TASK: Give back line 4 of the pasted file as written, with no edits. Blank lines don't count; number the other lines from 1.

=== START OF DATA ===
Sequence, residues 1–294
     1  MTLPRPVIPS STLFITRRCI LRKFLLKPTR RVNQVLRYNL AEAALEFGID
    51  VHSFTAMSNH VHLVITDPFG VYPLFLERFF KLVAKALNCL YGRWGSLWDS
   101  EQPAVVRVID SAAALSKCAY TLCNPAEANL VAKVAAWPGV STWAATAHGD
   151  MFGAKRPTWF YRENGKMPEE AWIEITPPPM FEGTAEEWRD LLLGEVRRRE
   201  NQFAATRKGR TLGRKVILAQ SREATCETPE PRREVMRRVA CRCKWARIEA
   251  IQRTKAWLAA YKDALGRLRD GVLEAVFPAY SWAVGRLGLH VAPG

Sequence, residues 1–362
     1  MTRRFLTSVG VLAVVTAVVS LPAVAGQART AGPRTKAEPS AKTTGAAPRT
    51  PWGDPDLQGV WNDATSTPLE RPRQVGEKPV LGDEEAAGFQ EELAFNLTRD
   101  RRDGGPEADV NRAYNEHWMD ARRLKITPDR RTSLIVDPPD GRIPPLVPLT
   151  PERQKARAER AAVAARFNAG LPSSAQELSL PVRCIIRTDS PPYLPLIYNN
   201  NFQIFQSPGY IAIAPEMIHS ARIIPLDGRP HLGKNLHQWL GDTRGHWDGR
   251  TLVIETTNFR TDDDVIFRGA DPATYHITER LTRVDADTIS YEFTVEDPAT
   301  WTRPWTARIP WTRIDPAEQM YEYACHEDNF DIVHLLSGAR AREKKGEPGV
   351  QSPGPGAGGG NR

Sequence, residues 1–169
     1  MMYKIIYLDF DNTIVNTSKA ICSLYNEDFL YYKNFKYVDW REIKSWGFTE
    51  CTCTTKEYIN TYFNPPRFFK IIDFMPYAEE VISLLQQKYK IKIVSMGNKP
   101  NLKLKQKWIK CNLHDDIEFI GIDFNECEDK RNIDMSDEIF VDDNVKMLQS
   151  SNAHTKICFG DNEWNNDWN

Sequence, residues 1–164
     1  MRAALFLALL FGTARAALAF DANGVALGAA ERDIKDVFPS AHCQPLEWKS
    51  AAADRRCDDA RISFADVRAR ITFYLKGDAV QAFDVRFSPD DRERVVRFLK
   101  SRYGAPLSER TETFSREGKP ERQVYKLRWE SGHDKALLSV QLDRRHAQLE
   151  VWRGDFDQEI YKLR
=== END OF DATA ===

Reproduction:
   101  EQPAVVRVID SAAALSKCAY TLCNPAEANL VAKVAAWPGV STWAATAHGD